Have a minute? Good because that might be all it takes to save your life. There are many biological processes that contribute to aging that includes changes at the cellular level that occurs as we mature. Some are inevitable as we age and there are many others that do not have to be a definitive part of our aging plan. There are wide varieties of conditions such as Atherosclerosis that contributes to excessive inflammatory and fibro-proliferative processes that will affect the arteries. Atherosclerosis kills about a half a million people every year.
Yet such deaths can be avoided through developing effective therapies to prevent the transition from largely benign age-related vascular changes to pathological atherosclerotic degeneration. Efficient removal of DNA damage can prevent the initiation and progression of atherosclerosis by avoiding the development of vascular cell senescence and/or apoptosis. Atherosclerosis is defined as being a degenerative disease of the arteries characterized by patchy thickening of the inner lining of the arterial walls, caused by deposits of fatty material (Collins English Dictionary, 2009).
Aging and atherosclerosis have something in common and that is, they share several biochemical pathways and similar vascular alterations. Cellular senescence (process by which cells lose their ability to replicate after a finite number of cell divisions) is linked to the pathogenesis of atherosclerosis. Endothelial cells and vascular smooth muscle cells, both derived from human atherosclerotic plaques, show a lower rate of cell proliferation in vitro and undergo senescence earlier than cells from normal vessels (Maria Andreassi, 2008). Page 2
Consequently, every single person with atherosclerosis has endothelial dysfunction. A normal artery wall consists of three layers a thin smooth layer (tunica intima) that lines the inside of the artery that helps blood flow, a muscular elastic layer (tunica media) that helps the pulse circulates blood, and a tough outer layer (tunic adventitia) that protects the artery. Endothelial cells prevent toxic, blood-borne substances from penetrating the smooth muscle of the blood vessel. As we age many atherogenic factors, if left unchecked damages the delicate endothelial cells.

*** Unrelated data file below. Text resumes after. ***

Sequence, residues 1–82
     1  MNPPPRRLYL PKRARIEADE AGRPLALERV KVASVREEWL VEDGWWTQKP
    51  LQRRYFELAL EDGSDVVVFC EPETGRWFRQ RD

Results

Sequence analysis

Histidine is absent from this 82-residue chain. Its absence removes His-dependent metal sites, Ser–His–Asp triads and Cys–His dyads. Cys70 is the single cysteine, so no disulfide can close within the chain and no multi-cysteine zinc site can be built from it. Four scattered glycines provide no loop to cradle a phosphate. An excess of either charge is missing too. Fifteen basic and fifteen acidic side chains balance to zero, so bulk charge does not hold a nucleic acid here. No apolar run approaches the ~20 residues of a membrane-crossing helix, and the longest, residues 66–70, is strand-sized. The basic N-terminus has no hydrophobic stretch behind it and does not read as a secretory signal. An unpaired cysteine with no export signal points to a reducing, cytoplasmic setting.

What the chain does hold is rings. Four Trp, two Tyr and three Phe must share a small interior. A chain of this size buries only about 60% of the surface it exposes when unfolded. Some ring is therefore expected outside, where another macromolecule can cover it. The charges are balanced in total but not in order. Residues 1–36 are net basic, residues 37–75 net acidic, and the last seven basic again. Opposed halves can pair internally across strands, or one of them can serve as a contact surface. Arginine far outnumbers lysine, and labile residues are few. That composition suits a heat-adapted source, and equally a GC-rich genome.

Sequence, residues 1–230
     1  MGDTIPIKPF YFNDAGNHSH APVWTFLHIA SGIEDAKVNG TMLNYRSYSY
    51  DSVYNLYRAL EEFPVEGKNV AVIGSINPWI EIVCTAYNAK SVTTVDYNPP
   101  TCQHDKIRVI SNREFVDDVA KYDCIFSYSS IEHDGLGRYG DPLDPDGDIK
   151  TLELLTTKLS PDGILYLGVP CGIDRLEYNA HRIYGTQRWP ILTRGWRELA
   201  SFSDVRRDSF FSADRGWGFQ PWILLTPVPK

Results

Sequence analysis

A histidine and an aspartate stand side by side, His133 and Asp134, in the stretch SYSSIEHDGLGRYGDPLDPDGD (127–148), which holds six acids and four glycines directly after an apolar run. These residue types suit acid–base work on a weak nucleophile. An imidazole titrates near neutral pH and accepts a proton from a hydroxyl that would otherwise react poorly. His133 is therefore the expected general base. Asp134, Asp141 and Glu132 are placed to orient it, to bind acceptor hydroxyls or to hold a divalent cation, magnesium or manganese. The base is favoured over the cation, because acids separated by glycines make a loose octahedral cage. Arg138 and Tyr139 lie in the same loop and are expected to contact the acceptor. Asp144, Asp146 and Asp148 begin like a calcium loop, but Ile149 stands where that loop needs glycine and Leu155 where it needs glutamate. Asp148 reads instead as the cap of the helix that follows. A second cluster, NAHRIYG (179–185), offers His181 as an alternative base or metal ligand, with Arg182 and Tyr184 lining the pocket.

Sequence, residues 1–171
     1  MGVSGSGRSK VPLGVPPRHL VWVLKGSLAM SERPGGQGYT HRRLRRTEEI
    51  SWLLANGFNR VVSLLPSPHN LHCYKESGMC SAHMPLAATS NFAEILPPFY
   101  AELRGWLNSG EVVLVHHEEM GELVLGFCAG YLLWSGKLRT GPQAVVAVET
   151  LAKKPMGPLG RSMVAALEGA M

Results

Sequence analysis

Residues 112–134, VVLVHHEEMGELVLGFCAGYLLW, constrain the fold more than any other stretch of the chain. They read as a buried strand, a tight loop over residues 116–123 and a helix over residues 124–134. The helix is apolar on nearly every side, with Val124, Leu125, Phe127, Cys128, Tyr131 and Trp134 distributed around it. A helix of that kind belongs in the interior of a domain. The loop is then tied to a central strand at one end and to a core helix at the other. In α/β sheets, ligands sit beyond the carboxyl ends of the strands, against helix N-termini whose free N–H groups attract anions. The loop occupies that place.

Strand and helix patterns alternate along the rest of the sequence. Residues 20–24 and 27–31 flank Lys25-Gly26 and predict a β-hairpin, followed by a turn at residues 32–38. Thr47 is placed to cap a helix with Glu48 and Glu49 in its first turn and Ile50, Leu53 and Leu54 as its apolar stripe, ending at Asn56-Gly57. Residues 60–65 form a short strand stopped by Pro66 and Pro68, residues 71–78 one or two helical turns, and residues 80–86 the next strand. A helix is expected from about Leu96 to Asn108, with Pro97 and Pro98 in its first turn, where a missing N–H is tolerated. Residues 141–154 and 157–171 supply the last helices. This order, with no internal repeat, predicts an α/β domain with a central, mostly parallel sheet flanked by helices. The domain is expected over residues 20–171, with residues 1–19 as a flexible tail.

Endothelial dysfunction allows lipids and toxins to penetrate the endothelial layer and enter smooth muscle cells. This results in the initiation of an oxidative and inflammatory process that starts the development of plaque deposits. The body tries to prevent the invasion of LDL-C from entering the artery walls by activating Macrophages to consume the LDL-C. The Macrophages become enlarged cholesterol enriched cells called Foam Cells that are embedded in the cell walls. The artery walls become saturated with Foam Cells known as Fatty Streaks in the vessel walls.
As the Fatty Streaks grow, the body tries to protect the artery from them by surrounding them in the fibrous capsule and it is at this stage that the growth is called plaque. Undoubtedly, DNA plays a pivot role in Atherosclerosis. DNA strands break and chromosomal damage presents itself in the circulating cells in individuals with Atherosclerosis. DNA damage is present in the human atherosclerotic plaque ranging from “macro” damage, including deletions or additions of whole chromosomes or parts of chromosomes, to “micro” damage, which includes loss of heterozygosity and micro-satellite instability (mutations in DNA regions that may